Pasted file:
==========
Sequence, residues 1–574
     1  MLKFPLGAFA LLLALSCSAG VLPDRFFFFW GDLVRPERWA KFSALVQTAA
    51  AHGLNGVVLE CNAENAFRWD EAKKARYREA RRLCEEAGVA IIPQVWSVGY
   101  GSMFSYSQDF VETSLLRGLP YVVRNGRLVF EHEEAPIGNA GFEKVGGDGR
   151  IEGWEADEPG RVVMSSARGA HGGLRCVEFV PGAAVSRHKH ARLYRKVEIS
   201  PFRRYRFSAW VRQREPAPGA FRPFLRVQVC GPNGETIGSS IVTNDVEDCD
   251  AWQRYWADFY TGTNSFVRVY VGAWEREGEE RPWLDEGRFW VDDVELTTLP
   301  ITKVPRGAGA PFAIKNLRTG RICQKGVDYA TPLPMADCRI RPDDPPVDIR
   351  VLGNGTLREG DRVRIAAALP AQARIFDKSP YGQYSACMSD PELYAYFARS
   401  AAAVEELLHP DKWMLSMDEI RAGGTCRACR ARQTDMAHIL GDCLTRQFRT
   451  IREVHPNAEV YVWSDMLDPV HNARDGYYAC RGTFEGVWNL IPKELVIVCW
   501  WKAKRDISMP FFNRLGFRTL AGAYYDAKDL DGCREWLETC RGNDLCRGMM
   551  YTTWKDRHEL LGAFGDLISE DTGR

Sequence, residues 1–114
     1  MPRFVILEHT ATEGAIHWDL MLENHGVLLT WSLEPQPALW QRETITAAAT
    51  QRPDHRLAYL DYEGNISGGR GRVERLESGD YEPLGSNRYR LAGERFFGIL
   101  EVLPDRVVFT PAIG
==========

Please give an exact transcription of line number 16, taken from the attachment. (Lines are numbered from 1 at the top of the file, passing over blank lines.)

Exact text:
    51  QRPDHRLAYL DYEGNISGGR GRVERLESGD YEPLGSNRYR LAGERFFGIL